This is a repost of an article I wrote in 2014.
There are countless cases in the news where a public figure does something wrong, and we all collectively ask, “Why don’t they just apologize?” or “Why don’t they apologize the right way?” In the mean time I’ve often thought, “Why does anyone apologize ever? What is an apology aside from a collection of emotions with no rational analogue?”
An apology is a sort of script. Alice wrongs Bob. Bob demands an apology from Alice. Alice apologizes. Bob forgives Alice.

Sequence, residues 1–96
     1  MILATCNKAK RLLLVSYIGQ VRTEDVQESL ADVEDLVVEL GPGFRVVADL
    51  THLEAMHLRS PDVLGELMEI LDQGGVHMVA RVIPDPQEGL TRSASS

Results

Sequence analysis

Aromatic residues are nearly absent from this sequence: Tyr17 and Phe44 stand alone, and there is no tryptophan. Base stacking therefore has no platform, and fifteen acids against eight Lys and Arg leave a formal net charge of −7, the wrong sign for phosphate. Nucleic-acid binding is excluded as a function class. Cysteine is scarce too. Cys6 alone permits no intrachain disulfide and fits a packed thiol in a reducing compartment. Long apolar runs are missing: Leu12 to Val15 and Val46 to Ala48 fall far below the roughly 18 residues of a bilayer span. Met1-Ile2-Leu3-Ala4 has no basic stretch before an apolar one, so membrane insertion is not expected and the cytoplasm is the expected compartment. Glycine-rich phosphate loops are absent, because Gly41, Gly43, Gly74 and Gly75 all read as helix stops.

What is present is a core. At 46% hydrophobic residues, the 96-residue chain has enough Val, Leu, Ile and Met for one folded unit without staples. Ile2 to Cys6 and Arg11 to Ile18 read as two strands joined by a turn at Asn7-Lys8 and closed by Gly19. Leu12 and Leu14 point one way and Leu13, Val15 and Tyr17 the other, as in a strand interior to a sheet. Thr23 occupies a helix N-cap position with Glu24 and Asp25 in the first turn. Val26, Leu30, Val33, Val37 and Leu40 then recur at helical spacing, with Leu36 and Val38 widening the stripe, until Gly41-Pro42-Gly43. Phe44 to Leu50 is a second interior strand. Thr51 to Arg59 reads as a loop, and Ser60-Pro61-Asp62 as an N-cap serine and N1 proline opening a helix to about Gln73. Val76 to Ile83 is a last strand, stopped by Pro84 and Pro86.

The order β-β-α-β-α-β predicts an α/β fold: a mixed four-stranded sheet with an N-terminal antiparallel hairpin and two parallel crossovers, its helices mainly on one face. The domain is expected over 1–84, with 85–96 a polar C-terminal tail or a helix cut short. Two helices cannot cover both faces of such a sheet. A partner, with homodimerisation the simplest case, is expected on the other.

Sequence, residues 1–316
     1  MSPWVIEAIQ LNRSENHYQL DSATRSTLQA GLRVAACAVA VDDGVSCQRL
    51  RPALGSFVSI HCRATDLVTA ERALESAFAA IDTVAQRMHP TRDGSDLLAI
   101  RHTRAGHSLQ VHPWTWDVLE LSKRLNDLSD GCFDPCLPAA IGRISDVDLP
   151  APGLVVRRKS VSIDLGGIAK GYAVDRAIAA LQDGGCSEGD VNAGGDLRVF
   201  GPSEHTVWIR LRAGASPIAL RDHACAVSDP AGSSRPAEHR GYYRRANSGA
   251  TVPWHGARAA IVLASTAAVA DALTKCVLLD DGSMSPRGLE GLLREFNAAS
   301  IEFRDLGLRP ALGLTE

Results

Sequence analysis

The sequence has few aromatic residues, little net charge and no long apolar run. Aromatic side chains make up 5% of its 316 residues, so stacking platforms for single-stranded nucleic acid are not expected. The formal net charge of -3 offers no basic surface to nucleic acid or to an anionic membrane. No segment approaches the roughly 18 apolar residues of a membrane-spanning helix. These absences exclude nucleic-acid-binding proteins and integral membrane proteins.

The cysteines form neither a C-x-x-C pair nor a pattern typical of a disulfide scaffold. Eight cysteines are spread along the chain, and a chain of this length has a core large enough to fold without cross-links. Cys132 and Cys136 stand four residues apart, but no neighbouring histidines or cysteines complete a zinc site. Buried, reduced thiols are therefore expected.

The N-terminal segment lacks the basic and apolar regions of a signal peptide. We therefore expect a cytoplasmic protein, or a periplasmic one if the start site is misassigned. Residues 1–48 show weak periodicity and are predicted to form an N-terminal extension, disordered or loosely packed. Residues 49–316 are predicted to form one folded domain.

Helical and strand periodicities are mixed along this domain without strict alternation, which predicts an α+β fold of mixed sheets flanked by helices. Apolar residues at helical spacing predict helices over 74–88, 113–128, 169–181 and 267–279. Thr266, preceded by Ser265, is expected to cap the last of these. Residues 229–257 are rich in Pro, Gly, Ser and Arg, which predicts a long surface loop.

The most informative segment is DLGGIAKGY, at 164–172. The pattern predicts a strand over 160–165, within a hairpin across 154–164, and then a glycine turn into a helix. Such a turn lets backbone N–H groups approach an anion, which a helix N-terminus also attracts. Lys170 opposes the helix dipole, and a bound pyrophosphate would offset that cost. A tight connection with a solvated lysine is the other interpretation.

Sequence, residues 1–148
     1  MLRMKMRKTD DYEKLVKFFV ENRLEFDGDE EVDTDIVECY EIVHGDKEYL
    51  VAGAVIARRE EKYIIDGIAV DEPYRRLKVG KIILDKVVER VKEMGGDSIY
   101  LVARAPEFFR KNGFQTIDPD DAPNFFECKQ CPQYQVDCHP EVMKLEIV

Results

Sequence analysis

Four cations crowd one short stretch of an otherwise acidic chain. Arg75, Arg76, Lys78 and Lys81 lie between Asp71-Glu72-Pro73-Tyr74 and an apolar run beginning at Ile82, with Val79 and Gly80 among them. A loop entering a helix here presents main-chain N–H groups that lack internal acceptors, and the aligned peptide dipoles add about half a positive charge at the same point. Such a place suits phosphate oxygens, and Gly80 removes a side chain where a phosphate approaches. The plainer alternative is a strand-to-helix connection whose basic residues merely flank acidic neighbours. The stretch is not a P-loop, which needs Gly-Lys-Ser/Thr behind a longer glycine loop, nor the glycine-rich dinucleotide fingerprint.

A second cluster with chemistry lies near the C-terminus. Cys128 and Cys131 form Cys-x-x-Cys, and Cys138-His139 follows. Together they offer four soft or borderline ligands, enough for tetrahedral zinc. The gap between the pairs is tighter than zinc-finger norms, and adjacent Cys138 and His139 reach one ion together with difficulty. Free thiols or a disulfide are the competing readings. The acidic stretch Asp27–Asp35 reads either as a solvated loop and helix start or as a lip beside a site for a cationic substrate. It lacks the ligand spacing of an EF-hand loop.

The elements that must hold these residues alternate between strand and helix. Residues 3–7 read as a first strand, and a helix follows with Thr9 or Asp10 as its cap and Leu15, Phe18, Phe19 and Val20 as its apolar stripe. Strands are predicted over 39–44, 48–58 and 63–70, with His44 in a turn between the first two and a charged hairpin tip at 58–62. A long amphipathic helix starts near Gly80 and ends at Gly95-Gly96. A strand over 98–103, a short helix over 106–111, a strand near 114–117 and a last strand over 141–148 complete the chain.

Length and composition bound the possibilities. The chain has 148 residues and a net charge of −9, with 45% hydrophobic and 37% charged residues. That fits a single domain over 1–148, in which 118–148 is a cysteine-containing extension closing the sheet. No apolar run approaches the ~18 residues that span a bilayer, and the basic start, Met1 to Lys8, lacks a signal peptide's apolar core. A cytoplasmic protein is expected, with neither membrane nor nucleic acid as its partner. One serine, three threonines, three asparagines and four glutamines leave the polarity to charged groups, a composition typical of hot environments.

Alice refuses to apologize. Bob is angered and seeks other means to punish Alice. He could deny her trust, deny her social status, or even punish through legal means.
But what’s in it for Alice? What’s in it for Bob? As far as Alice is concerned, the outcome of apologizing is clearly better than that of refusing to apologize. As far as Bob is concerned, punishment may provide either a psychological or game-theoretic value–why should any of that change just because Alice arranges some words in a particular way?